This is all to say that Tenet is a very Christopher Nolan movie. The most obvious comparison to it would be the filmmaker’s own Inception from a decade ago, though there are shades of his divisive Interstellar as well. Those of us that enjoy Nolan’s usual mix of heady, high concept ideas and incredibly well staged action sequences will probably find a lot to like here. And those who generally find his movies to be more style over substance, offering interesting ideas in lieu of stronger character development or emotional involvement, will probably feel the same way about this one.

This is not to say that the characters are completely fleshed out in Tenet. The main character doesn’t even have a name and is literally called The Protagonist, but this is clearly an intentional choice. Early on, we are told by a scientist (Clémence Poésy) explaining the concept of time inversion and “catching” backwards-firing bullets, not to overthink things and to merely “feel” them instead, and that was sort of how I watched the movie. I was entertained by it. The story is complicated, yes, but it’s propelled by an internal logic that allows us to mostly follow what’s going on while watching it.

This is a massive film, shot on location in seven different countries around the world, with practical effects whenever possible. The action sequences are exciting and inventive, starting with the thrilling takeover of an opera house in Ukraine in the opening sequence. Other highlights include an incredible backwards car chase involving some action with a firetruck, and a suspenseful finale with elements moving in both directions. The acting is also solid, including a smooth leading man performance by Washington, and an appealing supporting turn from a blonde-haired Pattinson, who is cool here in a way that I’ve never really seen him before.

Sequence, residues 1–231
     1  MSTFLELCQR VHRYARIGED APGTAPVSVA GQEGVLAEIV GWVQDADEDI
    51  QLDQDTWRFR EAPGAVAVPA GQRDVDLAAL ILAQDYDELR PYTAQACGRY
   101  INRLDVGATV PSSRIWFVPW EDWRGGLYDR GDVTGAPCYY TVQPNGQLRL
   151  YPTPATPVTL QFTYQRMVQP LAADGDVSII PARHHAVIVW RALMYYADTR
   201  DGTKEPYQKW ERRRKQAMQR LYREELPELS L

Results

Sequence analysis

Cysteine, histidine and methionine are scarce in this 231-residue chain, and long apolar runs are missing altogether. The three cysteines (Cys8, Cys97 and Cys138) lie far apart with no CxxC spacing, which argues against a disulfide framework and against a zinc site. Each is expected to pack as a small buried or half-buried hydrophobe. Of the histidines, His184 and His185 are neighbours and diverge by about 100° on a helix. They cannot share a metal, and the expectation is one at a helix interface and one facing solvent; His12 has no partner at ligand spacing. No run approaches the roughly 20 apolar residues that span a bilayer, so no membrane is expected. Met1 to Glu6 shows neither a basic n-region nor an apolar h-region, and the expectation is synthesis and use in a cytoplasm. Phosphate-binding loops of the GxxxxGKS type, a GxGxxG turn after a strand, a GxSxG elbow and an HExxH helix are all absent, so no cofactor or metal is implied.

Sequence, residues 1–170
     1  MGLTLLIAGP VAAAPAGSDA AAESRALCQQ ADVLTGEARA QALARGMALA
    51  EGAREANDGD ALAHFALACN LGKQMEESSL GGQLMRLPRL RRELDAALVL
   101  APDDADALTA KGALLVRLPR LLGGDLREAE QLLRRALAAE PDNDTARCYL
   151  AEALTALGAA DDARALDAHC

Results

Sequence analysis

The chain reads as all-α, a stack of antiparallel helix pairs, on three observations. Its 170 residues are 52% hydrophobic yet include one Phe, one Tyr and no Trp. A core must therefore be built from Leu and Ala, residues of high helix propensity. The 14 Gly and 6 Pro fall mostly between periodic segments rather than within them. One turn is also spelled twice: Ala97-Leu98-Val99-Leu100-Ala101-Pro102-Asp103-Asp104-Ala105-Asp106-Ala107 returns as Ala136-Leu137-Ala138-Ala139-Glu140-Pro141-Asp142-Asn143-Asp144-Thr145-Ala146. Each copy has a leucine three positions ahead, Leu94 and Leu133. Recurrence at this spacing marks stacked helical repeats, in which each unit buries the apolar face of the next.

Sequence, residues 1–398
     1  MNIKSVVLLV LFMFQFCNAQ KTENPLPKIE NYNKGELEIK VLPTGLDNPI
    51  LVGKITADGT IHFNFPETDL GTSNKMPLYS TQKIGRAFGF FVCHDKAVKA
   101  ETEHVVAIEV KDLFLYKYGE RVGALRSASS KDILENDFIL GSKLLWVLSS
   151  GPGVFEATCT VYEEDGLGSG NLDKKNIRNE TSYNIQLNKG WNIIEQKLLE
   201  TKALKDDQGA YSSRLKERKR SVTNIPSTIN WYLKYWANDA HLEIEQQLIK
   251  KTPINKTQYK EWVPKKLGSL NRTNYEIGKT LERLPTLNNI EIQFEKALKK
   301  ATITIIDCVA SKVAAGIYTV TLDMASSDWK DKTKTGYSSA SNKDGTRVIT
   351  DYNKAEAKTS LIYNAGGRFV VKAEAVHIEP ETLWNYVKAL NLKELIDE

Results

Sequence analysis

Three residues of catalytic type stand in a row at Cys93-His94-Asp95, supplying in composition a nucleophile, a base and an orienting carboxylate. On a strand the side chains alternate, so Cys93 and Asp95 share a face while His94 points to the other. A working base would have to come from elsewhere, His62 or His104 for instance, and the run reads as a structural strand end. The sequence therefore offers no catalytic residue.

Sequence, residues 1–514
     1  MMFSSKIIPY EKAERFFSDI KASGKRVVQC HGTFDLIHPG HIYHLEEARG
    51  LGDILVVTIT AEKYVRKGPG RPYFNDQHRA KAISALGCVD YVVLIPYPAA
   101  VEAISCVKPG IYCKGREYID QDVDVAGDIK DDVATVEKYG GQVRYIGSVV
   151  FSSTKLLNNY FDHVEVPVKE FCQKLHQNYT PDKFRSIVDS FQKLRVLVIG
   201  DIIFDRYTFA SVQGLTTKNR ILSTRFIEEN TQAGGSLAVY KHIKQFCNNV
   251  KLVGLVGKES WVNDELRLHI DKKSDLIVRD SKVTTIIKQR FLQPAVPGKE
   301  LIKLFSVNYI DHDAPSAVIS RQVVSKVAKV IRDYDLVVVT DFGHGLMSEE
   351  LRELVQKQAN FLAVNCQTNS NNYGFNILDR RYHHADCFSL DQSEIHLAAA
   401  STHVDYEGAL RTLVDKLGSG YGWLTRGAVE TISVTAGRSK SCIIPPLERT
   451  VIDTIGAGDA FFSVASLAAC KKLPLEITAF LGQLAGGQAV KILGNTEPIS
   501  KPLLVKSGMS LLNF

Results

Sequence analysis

Is Tenet a cinema-saving masterpiece? I would say no, and it had the undue pressure of needing to be one. But it is a damn fine popcorn movie, and one that I wish more people had gotten to experience in a proper theatre, the way Nolan intended it to be seen. With that said, watching it at home will have to do for many viewers, and is still an experience that I would heartily recommend.

Bonus Features (Blu-ray):

The three-disc set comes with an extra Blu-ray disc devoted to bonus features, as well as a regular DVD of the film. A code for a digital copy is also included in the package, which comes with a slipcover.

Looking at the World in a New Way: The Making of Tenet (1 hour, 15 minutes, 22 seconds): This feature length “making of” documentary, which is broken up into thirteen chapters, explores many aspects of the production; from the physics of the plot, to the characters, performances, cinematography, production design, special effects, costumes, editing and score. The logistics of the backwards-forwards action choreography is also discussed. It’s an informative and thorough look at the level of planning and craft that went into the film.

I. The Principle of Belief (4 minutes, 6 seconds)

II. Mobilizing the Troupe (6 minutes, 34 seconds)

III. The Approach (4 minutes, 4 seconds)

IV. The Proving Window (4 minutes, 45 seconds)

V. The Roadmap (5 minutes, 5 seconds)

VI. Entropy in Action (10 minutes, 47 seconds)

VII. Traversing the Globe (12 minutes, 27 seconds)

VIII. How Big a Plane? (4 minutes, 47 seconds)

IX. The Dress Code (3 minutes, 51 seconds)

X. Constructing the Twilight World (5 minutes, 26 seconds)

XI. The Final Battle (4 minutes, 10 seconds)

XII. Cohesion (5 minutes, 37 seconds)

XIII. Doesn’t Us Being Here Now Mean It Never Happened? (3 minutes, 48 seconds)

Trailers (9 minutes, 41 seconds)

Teaser (1 minute, 12 seconds)

Trailer 2 (2 minutes, 16 seconds)

Trailer 3 (3 minutes, 0 seconds)

Trailer 4 (3 minutes, 13 seconds)

Tenet is a Warner Bros. Home Entertainment release. It’s 151 minutes and rated 14A.

Street Date: December 15th, 2020